Using the IP networking technology, we have a neat way to communicate with another computer as long as there's a cable running between them (or wifi, anachronistically). But for email to work well, there are still a few shortcomings we need to address:
Remember how we were sending emails earlier using feynman@physics? What if we used "physics" as an easy alias to remember a complicated number such as 18.104.22.168? Then if the IP address changes, we could just say that "physics" now refers to the new address. This naming system could work, but it comes with its own shortcomings:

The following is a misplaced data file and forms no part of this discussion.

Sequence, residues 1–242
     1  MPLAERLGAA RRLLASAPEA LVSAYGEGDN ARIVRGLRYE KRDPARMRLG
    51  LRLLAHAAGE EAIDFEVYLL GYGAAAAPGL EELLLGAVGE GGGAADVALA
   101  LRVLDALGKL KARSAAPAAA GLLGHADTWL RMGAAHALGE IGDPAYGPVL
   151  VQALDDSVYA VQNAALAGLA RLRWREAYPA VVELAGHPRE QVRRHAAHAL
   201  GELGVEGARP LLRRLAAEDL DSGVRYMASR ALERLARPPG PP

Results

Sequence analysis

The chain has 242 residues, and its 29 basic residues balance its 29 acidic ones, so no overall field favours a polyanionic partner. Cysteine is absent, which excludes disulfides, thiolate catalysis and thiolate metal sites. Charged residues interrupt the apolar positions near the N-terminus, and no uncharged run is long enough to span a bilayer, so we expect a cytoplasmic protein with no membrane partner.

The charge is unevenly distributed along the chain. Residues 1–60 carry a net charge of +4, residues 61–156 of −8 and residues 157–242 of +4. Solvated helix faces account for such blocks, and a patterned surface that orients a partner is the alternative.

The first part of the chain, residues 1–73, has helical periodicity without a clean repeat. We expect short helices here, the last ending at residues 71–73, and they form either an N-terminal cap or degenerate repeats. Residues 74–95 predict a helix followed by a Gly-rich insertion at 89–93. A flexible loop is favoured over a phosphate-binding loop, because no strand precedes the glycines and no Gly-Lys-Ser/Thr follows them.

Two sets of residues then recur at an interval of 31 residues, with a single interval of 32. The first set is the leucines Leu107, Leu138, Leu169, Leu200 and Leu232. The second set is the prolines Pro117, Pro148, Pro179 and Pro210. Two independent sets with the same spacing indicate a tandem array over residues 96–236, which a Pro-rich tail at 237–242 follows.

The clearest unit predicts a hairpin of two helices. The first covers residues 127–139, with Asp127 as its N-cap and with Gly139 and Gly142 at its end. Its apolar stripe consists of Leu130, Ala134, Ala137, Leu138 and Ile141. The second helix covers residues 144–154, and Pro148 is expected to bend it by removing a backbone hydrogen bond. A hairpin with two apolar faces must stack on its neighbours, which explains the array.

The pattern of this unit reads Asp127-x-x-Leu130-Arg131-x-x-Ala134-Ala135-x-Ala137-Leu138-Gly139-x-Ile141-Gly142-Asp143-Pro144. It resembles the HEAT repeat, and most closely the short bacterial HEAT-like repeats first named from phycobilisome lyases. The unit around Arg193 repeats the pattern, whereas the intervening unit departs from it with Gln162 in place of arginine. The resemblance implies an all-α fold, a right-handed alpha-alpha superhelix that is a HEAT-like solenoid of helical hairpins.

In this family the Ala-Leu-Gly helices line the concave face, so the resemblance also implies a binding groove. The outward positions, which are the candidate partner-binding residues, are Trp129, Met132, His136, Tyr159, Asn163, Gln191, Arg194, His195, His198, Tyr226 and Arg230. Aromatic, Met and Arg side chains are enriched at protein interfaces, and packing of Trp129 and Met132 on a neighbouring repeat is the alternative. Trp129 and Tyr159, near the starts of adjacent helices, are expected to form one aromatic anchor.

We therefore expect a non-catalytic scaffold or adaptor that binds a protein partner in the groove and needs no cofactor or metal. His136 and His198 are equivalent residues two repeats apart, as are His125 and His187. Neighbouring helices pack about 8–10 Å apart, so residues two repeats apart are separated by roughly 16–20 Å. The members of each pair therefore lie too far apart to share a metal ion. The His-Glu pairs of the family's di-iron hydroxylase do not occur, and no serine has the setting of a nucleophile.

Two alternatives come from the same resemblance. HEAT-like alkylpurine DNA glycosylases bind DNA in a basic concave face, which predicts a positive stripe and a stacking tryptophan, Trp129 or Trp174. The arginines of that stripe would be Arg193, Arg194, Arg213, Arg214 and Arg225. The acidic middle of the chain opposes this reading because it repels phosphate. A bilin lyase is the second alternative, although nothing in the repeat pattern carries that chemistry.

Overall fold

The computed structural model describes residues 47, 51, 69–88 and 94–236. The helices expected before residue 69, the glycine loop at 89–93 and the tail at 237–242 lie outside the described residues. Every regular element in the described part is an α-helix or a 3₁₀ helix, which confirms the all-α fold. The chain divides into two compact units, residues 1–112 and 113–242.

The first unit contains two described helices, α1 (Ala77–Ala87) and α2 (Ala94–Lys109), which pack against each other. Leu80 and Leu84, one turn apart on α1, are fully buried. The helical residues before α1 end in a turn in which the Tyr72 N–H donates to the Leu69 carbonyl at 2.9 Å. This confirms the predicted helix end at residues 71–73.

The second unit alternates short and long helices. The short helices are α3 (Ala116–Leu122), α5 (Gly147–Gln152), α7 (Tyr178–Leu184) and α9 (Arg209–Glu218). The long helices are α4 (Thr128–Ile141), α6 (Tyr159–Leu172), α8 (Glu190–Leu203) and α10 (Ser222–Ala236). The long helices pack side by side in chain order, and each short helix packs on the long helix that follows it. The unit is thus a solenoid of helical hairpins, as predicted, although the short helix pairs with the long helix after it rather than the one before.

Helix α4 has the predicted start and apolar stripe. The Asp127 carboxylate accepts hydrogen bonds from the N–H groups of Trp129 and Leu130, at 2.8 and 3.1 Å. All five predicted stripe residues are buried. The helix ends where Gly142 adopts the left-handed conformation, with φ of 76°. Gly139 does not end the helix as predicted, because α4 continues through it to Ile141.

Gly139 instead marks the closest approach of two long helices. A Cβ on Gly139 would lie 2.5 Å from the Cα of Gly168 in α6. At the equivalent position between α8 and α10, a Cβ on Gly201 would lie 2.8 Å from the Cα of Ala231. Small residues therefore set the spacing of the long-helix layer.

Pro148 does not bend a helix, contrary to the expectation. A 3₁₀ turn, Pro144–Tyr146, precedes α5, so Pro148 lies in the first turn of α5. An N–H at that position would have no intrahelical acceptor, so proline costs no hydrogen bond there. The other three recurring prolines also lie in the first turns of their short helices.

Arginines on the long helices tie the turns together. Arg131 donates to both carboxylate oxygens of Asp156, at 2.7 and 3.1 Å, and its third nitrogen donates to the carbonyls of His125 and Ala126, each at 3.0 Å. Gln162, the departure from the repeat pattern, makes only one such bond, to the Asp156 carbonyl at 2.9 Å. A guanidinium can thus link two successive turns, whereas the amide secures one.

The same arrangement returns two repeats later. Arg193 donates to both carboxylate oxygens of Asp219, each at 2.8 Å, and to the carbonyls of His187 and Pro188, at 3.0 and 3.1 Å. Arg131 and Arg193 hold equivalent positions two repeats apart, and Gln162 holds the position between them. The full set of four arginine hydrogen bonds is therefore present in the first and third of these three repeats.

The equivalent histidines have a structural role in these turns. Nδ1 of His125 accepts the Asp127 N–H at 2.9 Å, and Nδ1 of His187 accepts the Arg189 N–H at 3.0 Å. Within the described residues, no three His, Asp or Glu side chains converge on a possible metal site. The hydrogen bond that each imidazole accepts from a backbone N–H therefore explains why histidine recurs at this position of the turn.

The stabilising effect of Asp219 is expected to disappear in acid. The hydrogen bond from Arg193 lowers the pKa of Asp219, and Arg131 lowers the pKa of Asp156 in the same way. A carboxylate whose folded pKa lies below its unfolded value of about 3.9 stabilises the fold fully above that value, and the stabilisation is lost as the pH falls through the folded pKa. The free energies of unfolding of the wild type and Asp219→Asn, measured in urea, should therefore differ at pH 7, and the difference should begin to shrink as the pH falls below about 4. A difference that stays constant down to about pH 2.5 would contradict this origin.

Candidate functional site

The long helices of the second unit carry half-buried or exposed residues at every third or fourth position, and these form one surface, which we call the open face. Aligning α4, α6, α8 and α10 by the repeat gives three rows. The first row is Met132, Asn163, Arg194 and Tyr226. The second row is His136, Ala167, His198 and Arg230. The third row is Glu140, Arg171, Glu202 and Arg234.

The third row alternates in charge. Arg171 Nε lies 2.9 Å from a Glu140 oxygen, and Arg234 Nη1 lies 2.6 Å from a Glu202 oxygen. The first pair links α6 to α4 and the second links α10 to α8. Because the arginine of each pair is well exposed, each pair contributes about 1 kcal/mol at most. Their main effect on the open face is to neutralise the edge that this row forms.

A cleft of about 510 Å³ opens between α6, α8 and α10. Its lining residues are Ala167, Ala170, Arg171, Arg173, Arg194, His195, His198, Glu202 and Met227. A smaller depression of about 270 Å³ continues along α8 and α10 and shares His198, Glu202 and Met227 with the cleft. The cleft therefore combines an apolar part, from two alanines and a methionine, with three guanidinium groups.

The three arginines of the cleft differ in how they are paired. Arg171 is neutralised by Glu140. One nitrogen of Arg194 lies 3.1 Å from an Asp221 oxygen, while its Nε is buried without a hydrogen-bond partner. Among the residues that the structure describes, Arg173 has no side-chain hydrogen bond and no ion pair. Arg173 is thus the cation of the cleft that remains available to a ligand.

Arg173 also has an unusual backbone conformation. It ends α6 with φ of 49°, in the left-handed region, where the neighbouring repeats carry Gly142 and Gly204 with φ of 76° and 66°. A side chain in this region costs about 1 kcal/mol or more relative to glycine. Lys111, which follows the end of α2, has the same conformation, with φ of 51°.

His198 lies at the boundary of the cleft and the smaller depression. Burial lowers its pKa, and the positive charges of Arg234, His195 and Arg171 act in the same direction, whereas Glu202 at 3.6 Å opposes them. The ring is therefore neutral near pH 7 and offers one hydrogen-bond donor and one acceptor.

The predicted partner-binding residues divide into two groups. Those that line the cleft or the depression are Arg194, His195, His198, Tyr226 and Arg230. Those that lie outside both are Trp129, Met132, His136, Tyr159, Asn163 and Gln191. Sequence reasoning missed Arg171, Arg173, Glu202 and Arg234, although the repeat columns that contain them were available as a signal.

And thus DNS (Domain Name System) was born! You are familiar with it through internet domains such as google.com, omarkama.li, or when you try to make your own website and find out you need to "buy a domain".
DNS solves the problems we mentioned earlier by providing:
Now you can contact [email protected] and behind the scenes, your computer will make a request to a DNS server asking it for the IP of the computer behind the alias "physics.princeton.edu". Once your computer gets the IP, it sends the mail which will be relayed to destination by various routers sitting between you and the computer you're communicating with.
In a future article, we'll answer questions such as who owns DNS, how DNS affects your gaming and Netflix experience, what you need to know to get your own domain, and many more questions.